GM Will Build 30,000 Ventilators For U.S. Government
Updated at 12:50 p.m.
Auto giant General Motors will build 30,000 medical ventilators for the national stockpile, at a cost of $489.4 million, the Department of Health and Human Services announced Wednesday.
The contract was issued under the Defense Production Act, meaning the automaker is obligated to give it priority over other orders. GM previously indicated it would mass produce ventilators whether or not it was mandated. The DPA can also be used to require suppliers to sell parts to GM.
This is the first ventilator contract that HHS has announced under the DPA.
HHS Secretary Alex Azar said that, by issuing contracts under the Defense Production Act, his agency is helping manufacturers "get the supplies they need to produce ventilators as quickly as possible." And it also ensures that the ventilators are "routed through the Strategic National Stockpile to where they're needed most," he said.
The contract calls for more than 6,000 ventilators to be delivered by the end of May, with the remainder arriving by August. That's well after the projected peak of the pandemic, but ventilators arriving this summer could potentially fill the national stockpile to prevent future shortages.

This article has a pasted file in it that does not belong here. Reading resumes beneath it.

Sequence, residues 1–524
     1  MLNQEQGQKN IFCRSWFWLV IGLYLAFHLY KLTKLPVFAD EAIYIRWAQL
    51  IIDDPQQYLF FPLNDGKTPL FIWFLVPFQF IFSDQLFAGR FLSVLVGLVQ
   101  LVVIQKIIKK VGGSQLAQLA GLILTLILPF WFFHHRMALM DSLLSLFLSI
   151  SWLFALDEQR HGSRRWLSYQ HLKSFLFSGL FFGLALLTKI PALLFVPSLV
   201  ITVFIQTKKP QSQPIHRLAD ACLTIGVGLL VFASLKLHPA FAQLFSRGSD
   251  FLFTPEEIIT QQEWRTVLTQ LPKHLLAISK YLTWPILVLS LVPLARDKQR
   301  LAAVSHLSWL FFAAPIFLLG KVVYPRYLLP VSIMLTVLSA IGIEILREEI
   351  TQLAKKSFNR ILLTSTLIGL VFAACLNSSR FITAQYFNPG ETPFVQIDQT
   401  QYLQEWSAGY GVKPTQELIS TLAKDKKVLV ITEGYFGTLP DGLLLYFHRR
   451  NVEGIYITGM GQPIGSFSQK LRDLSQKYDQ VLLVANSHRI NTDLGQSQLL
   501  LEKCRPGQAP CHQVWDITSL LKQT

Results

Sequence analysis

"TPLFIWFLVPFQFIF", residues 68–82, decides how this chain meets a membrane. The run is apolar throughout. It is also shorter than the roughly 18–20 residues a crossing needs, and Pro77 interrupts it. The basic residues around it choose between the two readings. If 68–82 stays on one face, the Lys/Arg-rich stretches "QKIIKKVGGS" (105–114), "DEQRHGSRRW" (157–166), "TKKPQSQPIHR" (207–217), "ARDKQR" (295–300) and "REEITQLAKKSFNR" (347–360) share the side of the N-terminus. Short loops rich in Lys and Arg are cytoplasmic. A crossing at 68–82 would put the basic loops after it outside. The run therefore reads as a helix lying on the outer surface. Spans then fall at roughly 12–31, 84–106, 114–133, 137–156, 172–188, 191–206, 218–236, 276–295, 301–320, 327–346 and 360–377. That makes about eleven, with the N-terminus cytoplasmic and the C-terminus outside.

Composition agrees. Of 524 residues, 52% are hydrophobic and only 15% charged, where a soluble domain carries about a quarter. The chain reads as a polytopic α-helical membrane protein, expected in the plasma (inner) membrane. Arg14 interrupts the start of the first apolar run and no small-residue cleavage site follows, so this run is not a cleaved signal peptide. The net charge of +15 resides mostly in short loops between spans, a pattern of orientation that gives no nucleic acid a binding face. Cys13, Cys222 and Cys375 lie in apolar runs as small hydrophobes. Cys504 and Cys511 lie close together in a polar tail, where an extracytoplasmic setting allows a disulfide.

A spokeswoman for GM says the company is not making a profit on these ventilators.
GM and Ventec Life Systems started working together on ventilator production weeks ago. The critical care ventilators will be built at a components plant in Kokomo, Ind., by workers who agree to work on the project, even as the automaker's normal production lines are shut down to help prevent the spread of the coronavirus.
"GM is proud to deploy its purchasing and manufacturing capability alongside the respiratory care expertise of Ventec," GM said Wednesday.
Ford previously announced it would build 50,000 simpler, less fully featured ventilators in partnership with GE Healthcare. At the time, the companies said they were in ongoing talks with the government but could not confirm if a contract had been finalized.
Copyright 2021 NPR. To see more, visit https://www.npr.org.